Like most of the reviews, THR expends most of their prose towards praising the action and performance, but concisely characterizes the film as being well-paced and and breathlessly plotted:
As the action moves from Europe to Morocco and back again, the pace is well maintained and the story never seems to overstay its welcome, which is not the case with many recent blockbusters. John Williams’ score, which mixes moody 60s-style music with the composer’s more grandiose themes, accompanies events up through the rather ingenious finale (involving a massive duel where shipping cranes are transformed into sabers), before a cliffhanger sets up the next installment (to be directed by Jackson).
Oddly enough, for all the old-outlet gushing, it was actually Comic Book Movie‘s review that raised a few issues with characterization (amidst an overall very positive review):
The film quickly kicks into high gear and rarely lets up, it truly is an adventure film from the get go, with not a dull moment in sight. The only problem I had with this was that I felt it perhaps caused some characterisation to suffer a bit, with Tintin’s motivations perhaps lacking at times. Despite this the protagonists have a charm and likeability which has you rooting for them the whole way through, and I am glad that they avoided the origin root so many films go for with Tintin’s backstory being told quickly and succinctly through framed newspaper articles.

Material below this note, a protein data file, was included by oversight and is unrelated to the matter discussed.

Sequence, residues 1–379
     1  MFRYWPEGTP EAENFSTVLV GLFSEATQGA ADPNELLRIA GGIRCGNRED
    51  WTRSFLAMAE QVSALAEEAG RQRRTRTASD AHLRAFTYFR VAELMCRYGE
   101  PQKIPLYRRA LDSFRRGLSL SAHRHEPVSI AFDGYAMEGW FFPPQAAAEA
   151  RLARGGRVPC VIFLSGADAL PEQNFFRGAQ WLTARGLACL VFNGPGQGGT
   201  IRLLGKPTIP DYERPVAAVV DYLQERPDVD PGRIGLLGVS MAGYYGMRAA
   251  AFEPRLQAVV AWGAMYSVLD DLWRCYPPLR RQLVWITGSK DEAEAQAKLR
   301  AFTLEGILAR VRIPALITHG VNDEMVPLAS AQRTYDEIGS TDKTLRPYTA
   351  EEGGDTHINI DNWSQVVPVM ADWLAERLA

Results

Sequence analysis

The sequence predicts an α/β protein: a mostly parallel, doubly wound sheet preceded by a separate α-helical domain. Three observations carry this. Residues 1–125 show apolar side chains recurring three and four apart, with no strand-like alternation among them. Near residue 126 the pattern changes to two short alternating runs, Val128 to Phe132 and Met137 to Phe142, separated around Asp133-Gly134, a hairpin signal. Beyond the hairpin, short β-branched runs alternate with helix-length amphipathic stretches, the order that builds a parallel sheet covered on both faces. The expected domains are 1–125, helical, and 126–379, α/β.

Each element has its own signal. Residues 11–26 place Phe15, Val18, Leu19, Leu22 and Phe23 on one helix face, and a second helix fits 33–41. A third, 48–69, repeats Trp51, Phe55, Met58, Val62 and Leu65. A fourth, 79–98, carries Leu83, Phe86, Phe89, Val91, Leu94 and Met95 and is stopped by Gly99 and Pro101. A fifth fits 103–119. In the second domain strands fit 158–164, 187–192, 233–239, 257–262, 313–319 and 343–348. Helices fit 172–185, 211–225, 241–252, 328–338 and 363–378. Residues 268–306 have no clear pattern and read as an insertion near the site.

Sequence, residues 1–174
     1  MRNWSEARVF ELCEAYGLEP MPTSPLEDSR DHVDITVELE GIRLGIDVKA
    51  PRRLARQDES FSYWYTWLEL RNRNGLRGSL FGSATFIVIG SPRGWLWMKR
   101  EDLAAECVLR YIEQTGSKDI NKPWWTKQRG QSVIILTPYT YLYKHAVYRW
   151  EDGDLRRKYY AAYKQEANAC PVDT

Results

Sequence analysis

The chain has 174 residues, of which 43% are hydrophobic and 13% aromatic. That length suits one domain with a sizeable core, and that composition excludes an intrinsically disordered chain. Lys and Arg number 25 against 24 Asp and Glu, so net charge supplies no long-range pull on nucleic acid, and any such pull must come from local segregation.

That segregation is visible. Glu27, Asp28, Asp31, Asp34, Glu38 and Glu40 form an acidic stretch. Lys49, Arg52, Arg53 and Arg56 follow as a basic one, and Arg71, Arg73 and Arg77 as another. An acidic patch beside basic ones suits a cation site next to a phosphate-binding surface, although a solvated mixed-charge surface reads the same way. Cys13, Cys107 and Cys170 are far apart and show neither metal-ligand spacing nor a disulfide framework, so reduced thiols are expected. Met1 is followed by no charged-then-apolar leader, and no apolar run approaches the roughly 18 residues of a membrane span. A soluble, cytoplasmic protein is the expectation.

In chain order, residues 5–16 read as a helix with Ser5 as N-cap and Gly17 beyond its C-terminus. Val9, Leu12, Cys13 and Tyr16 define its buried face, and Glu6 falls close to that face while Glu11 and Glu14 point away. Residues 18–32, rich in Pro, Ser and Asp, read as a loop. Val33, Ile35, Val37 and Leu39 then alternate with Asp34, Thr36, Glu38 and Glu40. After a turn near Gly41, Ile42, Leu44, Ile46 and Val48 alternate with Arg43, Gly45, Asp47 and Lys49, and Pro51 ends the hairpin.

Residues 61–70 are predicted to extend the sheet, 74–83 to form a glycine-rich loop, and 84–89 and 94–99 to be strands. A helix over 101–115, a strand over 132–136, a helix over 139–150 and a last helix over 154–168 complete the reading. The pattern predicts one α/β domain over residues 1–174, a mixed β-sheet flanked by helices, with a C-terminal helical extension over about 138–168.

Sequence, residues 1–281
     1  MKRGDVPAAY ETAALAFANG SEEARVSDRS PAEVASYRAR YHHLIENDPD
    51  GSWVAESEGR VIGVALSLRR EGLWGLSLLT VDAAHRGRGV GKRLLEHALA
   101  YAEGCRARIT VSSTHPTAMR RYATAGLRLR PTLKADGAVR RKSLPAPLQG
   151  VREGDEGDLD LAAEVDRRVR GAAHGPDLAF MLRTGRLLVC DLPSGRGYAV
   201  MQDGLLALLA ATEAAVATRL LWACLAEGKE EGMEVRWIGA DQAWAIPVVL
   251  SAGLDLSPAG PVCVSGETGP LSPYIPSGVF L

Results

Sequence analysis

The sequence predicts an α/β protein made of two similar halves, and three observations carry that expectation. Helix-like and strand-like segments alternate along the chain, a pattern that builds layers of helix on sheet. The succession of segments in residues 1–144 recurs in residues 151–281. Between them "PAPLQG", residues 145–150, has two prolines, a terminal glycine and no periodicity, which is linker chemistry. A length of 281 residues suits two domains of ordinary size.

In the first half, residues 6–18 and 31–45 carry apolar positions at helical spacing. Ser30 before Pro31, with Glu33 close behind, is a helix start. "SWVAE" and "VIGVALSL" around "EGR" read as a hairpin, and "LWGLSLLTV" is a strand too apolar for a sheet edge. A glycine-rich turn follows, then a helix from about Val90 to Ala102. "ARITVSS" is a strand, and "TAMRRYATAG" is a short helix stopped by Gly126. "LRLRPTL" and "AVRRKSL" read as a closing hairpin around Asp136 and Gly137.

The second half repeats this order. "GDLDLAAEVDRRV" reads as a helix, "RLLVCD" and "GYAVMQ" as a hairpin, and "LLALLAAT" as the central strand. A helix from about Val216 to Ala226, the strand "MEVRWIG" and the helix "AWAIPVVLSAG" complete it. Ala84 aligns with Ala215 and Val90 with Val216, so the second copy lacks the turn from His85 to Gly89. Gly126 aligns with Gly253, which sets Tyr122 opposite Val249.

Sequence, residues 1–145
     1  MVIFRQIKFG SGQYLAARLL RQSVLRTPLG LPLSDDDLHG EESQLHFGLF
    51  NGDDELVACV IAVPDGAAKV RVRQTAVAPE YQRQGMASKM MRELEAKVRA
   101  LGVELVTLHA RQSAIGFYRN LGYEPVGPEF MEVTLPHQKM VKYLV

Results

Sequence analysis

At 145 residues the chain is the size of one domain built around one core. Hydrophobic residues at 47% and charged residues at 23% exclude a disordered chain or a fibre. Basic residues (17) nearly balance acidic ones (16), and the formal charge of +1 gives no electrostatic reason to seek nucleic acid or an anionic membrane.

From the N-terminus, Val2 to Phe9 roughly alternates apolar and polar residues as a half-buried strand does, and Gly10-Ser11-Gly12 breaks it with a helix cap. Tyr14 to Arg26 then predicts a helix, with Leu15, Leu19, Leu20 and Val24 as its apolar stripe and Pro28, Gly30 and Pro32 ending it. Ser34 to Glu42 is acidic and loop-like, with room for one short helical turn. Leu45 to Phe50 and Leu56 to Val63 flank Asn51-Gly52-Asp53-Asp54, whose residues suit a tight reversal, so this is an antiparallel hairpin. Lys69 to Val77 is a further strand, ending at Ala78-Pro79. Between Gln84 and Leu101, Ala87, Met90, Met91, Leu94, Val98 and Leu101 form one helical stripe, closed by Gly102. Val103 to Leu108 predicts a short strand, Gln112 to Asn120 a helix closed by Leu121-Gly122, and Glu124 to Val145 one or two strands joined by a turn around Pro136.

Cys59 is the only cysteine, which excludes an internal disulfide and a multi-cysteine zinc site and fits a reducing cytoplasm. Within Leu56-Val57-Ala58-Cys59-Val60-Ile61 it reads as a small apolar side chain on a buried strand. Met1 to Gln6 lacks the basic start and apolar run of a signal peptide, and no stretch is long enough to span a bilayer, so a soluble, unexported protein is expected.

Digital Spy suggests that the leap in the quality of the animation will separate Spielberg’s film from the massive flops that plague mo-cap animation’s past:
With its dizzying spectacle and fast-paced action, The Adventures of Tintin is top notch entertainment and miles ahead of its performance capture predecessors in its wit and visual sophistication. Expect audiences to lap this up when it makes its cinema debut later this month.
Guy at HitFix notes that the technology and source material have worked on Spielberg in such a way that has inspired the best out of him: